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7 FAQs to Better Understand Form 1095-C

7 FAQs to Better Understand Form 1095-C - TaxAct Blog

*Updated for tax year 2016.

In January, aside from receiving your usual Form W-2 from your employer, you may receive Form 1095-C related to the Affordable Care Act (ACA).

If you received health insurance outside of the marketplace exchanges in 2016, and worked for a large employer, look for Form 1095-C, Employer-Provided Health Insurance Offer and Coverage, to arrive in your mailbox.

Employers have until January 31, 2017 to distribute the form.

What is Form 1095-C?

Form 1095-C reports to the IRS you had minimum essential coverage under the ACA and which months of the year you had the coverage.

Why is it so important to prove I had minimum essential coverage?

Under the ACA, you must have coverage for yourself, your spouse and your dependents for at least ten months of the year in 2016 or pay a penalty.

This penalty is called the “individual shared responsibility payment.”

The penalty for 2016 returns (due April 18, 2017) is the greater of the following amounts:

  • 2.5 percent of your household income, or
  • $695 per adult and $347.50 per child under 18 (up to $2,085 for a family)

There are exceptions to the rule, however. If you qualify for certain exemptions you may not owe the penalty.

What’s the difference between Form 1095-A, 1095-B and 1095-C?

Form 1095-A, Health Insurance Marketplace Statement, is for people who have health insurance through the Health Insurance Marketplace, often called an exchange.

When preparing your 2016 federal return, you need to use this information to complete your income tax filing, claim premium tax credits and adjust any tax credit payments.

Form 1095-B, Health Coverage, should come in the mail if you purchased or received insurance outside of an exchange.

Form 1095-C, Employer-Provided Health Insurance Offer and Coverage, is required by companies who meet the qualifications to be considered Applicable Large Employers.

This includes employers with 50 or more full-time employees in the preceding calendar year.

How do I enter information from Form 1095-C in TaxAct?

TaxAct’s easy Q&A interview will ask you questions about your coverage, including how many months you had insurance and who was covered under the plan.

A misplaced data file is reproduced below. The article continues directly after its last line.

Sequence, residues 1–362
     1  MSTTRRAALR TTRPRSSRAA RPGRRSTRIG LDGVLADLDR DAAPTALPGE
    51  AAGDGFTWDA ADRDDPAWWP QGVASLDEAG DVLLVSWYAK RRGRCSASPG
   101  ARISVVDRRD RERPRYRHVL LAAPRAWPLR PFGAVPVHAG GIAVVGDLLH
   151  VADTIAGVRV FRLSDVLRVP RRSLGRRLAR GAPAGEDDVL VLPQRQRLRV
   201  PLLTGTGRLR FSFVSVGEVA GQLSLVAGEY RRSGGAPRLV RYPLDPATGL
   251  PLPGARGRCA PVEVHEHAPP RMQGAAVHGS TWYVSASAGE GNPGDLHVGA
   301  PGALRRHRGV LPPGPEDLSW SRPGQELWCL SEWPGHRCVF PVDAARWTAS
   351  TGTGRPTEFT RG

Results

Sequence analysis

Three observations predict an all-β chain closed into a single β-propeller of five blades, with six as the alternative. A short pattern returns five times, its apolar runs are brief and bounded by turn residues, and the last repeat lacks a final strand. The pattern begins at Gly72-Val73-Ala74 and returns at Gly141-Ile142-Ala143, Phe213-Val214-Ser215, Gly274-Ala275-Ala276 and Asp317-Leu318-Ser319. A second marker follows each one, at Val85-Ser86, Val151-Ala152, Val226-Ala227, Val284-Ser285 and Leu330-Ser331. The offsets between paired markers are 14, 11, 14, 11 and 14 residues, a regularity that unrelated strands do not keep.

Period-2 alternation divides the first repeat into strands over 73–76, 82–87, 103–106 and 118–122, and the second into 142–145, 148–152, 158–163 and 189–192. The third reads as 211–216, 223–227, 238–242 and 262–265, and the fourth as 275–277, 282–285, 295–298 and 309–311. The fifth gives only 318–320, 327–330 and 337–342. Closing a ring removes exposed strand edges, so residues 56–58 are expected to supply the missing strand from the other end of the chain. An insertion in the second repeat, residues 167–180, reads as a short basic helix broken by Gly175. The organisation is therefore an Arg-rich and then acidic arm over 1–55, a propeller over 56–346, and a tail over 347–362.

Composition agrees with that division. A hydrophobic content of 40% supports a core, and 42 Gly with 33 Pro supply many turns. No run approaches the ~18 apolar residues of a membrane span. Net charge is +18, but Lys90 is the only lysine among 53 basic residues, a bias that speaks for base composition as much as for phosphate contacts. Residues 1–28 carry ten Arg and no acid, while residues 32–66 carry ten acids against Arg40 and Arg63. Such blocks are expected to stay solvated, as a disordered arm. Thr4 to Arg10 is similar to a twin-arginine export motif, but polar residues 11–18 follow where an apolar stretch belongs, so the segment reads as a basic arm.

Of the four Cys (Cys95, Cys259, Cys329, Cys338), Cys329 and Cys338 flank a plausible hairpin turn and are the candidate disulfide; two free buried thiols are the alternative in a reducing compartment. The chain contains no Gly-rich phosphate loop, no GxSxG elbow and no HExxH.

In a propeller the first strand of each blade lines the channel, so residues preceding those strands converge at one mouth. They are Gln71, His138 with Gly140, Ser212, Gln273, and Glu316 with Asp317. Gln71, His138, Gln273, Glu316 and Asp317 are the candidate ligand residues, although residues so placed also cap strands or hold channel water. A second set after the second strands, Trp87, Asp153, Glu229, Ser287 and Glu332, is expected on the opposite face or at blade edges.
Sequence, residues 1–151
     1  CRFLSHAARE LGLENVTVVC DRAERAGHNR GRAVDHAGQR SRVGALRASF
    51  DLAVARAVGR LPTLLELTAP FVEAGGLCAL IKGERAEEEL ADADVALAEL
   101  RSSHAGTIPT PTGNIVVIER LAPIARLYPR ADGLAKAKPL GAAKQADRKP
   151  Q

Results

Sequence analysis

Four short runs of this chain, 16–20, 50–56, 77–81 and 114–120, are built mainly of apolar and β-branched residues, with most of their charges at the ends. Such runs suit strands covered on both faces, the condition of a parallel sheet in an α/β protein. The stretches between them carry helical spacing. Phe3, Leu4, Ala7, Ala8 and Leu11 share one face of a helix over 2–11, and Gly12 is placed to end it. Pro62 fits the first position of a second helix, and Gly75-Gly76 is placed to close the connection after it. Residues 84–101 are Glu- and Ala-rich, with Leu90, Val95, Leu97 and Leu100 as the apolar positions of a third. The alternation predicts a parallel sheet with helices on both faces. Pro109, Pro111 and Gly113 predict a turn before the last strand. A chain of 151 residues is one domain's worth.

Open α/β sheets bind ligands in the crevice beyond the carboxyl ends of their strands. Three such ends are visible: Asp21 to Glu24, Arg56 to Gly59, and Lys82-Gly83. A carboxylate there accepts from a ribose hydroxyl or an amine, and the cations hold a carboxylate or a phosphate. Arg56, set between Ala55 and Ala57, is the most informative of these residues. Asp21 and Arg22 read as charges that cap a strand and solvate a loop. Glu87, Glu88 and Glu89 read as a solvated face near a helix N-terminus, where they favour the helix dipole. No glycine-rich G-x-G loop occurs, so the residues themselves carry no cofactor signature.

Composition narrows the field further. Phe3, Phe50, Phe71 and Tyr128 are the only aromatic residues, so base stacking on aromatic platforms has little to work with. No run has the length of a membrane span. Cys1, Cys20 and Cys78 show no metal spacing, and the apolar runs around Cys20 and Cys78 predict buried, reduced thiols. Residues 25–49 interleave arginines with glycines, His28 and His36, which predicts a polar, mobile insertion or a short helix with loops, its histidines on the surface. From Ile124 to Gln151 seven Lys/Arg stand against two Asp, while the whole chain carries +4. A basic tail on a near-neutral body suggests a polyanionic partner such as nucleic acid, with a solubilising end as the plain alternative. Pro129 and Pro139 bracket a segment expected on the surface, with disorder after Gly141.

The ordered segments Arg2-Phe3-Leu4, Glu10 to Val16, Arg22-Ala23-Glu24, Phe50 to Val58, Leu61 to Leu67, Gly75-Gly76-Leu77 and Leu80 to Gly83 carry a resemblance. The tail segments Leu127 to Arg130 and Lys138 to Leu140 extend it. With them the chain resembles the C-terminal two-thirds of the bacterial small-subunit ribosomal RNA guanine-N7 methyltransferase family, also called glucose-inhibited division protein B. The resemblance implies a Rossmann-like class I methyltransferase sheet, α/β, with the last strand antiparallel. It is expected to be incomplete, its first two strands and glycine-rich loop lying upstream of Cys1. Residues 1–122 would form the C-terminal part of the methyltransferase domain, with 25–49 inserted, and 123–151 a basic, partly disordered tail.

Answers to those questions will be on your Form 1095-C. If everyone included on your tax return had coverage for all 12 months of 2016, you simply check a box and are finished!

If you or someone else lacked coverage, TaxAct will then guide you to enter the appropriate information.

Should I attach Form 1095-C to my tax return?

No, Form 1095-C is for your records only. Do not attach it to your return. Your employer sends a copy of to the IRS, which they then use to match with the information you enter.

I want to file my tax return, but my Form 1095-C hasn’t arrived yet. What should I do?

Don’t wait to file your return until you receive Form 1095-C. Simply follow TaxAct’s Q&A interview and enter the information you know about your coverage.

Once you receive the form, keep it in a safe spot in case you need to reference it later.

Can I get a copy of Form 1095-C for my adult children who are on my insurance plan?

Your employer is only required to provide one Form 1095-C to the primary policy holder. If you have other people on your plan, such as adult children, make copies for them so they can prepare their tax returns.

TaxAct makes preparing and filing your taxes quick, easy and affordable so you get your maximum refund. It’s the best deal in tax. Start free now or sign into your TaxAct Account.
About Sally Herigstad

Sally Herigstad is a certified public accountant and personal finance columnist and author of Help! I Can't Pay My Bills, Surviving a Financial Crisis (St. Martin's Griffin). She writes regularly at CreditCards.com, Bankrate.com, Interest.com, RedPlum, and MSN Money. She is an experienced speaker and a member of Toastmasters International. Follow Sally on Twitter.

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